Using Your SMSF to Purchase Property
It is becoming increasingly popular for individuals to purchase investment properties using their self-managed super funds (SMSFs). It was reported by the ATO in 2013 that of the 1 million Australians whom have a SMSF, they account for $520.5 billion of the $1.7 trillion of the nation’s superannuation funds, so it is no surprise that there has been an increase in the utilisation of these funds by their trustees. However, when purchasing property through your SMSF, it is important that you are able to determine if this investment strategy is right for you in order to avoid any unnecessary risks.
Limited Recourse Borrowing Arrangements (LRBA) is a key factor in the recent increase in SMSFs being used to purchase property. An LRBA usually involves a self-managed super fund (SMSF) taking out a loan from a lender or related party, where only the asset purchased with the loan can be used if the fund finds itself unable to make repayments.
A clear positive with an LRBA is that your overall super fund is not put at risk in the circumstance that you default on your loan. As well as this, purchasing property through an SMSF means that your fund will only be taxed at 15%, which is notable lower than personal income tax rates, and the capital gains tax (CGT) associated with the property will be calculated at a discounted rate. The sale of the property may even be tax free if sold when the fund is paying pensions.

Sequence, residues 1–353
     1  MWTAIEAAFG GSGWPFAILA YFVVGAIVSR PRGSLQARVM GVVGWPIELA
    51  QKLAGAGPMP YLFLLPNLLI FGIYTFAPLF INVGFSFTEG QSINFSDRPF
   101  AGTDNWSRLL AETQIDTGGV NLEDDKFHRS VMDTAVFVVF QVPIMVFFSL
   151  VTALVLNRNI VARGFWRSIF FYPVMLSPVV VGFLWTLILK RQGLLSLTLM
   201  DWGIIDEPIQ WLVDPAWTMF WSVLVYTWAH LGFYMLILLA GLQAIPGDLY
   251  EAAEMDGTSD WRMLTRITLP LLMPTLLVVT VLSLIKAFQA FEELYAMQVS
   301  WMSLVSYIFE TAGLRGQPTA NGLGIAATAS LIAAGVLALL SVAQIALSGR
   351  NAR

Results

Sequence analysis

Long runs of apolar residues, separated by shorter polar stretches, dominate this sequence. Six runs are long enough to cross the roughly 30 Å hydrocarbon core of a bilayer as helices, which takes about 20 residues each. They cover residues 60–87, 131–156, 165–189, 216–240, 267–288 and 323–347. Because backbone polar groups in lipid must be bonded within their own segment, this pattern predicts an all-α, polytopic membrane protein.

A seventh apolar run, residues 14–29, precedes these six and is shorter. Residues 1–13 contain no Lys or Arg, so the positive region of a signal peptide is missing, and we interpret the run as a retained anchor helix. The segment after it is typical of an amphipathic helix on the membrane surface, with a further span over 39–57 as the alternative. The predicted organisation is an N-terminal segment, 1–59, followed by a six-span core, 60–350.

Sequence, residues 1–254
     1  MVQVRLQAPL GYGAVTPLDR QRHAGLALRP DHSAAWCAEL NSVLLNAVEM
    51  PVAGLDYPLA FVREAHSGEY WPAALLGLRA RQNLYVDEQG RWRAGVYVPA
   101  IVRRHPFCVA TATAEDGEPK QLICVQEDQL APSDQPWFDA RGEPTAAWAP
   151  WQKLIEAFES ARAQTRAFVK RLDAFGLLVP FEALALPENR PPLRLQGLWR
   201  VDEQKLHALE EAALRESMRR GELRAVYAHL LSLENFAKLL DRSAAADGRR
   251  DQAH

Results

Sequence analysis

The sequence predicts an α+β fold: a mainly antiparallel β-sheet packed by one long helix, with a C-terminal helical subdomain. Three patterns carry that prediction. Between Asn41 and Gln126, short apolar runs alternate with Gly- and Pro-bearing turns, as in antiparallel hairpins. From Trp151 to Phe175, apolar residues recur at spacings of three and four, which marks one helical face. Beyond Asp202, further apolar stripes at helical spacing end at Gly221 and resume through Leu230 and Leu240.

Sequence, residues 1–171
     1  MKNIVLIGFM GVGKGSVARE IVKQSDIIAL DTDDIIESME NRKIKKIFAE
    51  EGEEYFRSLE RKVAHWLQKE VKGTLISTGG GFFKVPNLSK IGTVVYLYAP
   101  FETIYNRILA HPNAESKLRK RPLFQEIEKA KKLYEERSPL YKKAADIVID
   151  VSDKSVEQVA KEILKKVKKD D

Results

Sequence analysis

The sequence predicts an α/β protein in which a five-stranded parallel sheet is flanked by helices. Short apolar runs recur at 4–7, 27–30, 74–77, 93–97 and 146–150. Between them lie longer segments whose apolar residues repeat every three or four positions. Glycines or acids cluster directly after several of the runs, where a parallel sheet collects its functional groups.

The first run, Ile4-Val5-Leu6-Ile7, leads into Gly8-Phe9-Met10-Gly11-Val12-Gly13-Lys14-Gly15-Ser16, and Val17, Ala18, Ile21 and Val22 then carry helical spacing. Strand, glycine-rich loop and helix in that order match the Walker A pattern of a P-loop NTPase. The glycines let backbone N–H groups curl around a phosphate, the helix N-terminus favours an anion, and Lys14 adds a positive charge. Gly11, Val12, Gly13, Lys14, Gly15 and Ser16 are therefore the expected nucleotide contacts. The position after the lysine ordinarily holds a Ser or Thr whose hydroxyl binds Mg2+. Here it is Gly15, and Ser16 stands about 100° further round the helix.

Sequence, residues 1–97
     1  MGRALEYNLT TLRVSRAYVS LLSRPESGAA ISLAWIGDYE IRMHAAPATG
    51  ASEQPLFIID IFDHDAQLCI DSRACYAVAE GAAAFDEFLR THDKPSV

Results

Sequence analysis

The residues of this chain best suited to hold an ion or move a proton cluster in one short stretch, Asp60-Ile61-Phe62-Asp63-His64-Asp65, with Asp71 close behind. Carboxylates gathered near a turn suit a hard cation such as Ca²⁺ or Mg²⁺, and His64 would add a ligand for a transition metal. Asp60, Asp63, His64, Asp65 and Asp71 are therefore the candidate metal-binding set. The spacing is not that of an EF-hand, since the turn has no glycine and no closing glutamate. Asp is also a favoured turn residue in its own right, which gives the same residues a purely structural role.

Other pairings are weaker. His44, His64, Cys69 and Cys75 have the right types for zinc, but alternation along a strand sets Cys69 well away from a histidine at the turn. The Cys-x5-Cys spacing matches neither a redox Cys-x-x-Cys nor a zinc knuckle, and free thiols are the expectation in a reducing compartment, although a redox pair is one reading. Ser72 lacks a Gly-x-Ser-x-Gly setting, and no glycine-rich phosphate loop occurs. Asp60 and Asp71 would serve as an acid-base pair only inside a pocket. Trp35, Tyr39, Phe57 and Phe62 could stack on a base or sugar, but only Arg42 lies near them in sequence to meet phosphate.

With this growing popularity in using SMSFs to purchase property, there have been calls to the federal government to implement a policy that will govern the use of LRBA. In light of this, the federal government announced last week that that they don’t agree with the recommendation by the Financial System Inquiry (FSI) to ban LRBAs by superannuation funds. Although there are a few concerns about LRBA, there is not sufficient data at this point in time for the government to justify policy intervention on the matter.
Despite this however, the government have still committed to commission the Council of Financial Regulators and the ATO to monitor leverage and risk in the superannuation system. This information will be presented to the government in three years, and from there a decision will be made on whether or not a policy needs to be put into place. The three-year time span will allow the ATO’s improved data collections to filter through the system and determine if the decision is appropriate.
Ultimately, with the LRBA in SMSFs remaining the same, it is important to ask yourself the following questions while thinking about purchasing property through your super fund:
- Will this property be a good investment?
- Is the value of the property likely to appreciate?
- Are there unnecessary risks involved?
- What is the property yield?